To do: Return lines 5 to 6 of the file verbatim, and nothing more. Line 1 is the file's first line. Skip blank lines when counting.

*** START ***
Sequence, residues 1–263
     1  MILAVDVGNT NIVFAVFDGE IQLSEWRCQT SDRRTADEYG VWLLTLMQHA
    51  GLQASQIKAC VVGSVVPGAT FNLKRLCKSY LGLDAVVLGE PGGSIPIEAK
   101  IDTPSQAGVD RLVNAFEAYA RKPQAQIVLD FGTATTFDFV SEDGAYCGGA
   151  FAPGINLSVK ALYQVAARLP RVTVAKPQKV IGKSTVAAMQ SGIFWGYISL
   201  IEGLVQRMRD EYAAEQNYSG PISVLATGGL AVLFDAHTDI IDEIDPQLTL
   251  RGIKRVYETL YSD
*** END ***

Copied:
   151  FAPGINLSVK ALYQVAARLP RVTVAKPQKV IGKSTVAAMQ SGIFWGYISL
   201  IEGLVQRMRD EYAAEQNYSG PISVLATGGL AVLFDAHTDI IDEIDPQLTL